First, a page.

Dank will round out the evening with Liszt’s “Sposalizio” from Deuxième Année de Pèlerinage: Italie, and Polonaise No. 2 in E. “Sposalizio is based on a painting by Raphael. It’s very peaceful and contemplative in nature and in many ways, it’s an introverted piece,” he said. “But the Polonaise is anything but introverted. Although Chopin’s Polonaises usually take center stage, Liszt did write two of them and this one is the more popular. It’s exuberant and has a wonderful middle section — Liszt utilizes the piano in a beautiful way.”
When they’re not concertizing, teaching, or parenting their two young children, Dank and Lee spend time managing their “pet project,” Music by the Glass. “We started it in 2013 in New York City,” Lee said. “We thought of the title when we were ordering a glass of wine — it came to us that during Beethoven’s and Liszt’s time and even in the 1920s, concert programming was very different than it is today: playing movements of a work instead of an entire piece was accepted.”
Music by the Glass concerts are held at the Louis K. Meisel Gallery, and with the assistance of a local wine merchant, each piece on the program is paired with wine. “A lot of concert series have wine or craft beers which is wonderful, but ours is unique because we take the pairings seriously,” Dank said. “We have someone who goes through the repertoire and chooses the wines that will yield the best experience.”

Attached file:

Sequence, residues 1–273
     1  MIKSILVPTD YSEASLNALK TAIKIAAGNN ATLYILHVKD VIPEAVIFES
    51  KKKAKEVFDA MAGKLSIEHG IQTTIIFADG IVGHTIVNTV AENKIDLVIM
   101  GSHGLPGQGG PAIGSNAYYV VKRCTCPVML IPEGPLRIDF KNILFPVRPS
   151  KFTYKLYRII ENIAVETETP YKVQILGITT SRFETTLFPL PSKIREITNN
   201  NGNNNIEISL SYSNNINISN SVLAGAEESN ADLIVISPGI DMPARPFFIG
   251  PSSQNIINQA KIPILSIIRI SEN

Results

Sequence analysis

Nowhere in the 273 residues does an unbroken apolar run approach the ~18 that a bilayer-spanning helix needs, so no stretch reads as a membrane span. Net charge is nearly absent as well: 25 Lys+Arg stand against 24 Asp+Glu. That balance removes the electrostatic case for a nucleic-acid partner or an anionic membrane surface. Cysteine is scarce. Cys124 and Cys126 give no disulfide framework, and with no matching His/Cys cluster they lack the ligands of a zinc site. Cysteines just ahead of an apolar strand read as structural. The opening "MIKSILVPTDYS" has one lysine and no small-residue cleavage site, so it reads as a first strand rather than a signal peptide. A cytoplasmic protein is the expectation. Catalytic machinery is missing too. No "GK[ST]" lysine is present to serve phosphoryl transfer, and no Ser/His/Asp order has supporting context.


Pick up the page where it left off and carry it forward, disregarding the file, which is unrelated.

The pianists pointed out something else that’s unique to their organization: the board is made up entirely of young professionals in NYC. “It’s all people in their 30s and 40s who want to refuel the energy of classical music,” Lee said.
Were either of them wine connoisseurs prior to starting the series? “We liked wine but we weren’t connoisseurs,” Dank said. “Some people take their wine hobbies to a completely different level. But that’s why we have these experts who know a lot about wine and music, and their job is to find the optimal pairings.”
Winding down our conversation, I asked them if they have any memories about their time at the Cleveland International Piano Competition. “It was the first major international competition in which I received a prize, and it started a period when I did quite well in other competitions,” Dank said. “I remember that it was wonderfully organized, but the most memorable experience was playing with The Cleveland Orchestra in Severance Hall. I remember when we went there, we were all in awe at how beautiful it was.”
Lee said that she remembers being exhilarated by the sound of the Orchestra, but her experience was memorable for a very different reason. “Two weeks before the competition, I was in a serious car accident and was in the intensive care unit for a few days. So when I played, I didn’t treat it as a competition because I was so grateful to be alive and participating in this huge music festival. My entire experience — playing and meeting all the people who were involved with the competition — was quite special. But honestly, I don’t remember much except the joy I felt. Cleveland has a special place in my heart.”
Published on ClevelandClassical.com June 4, 2018.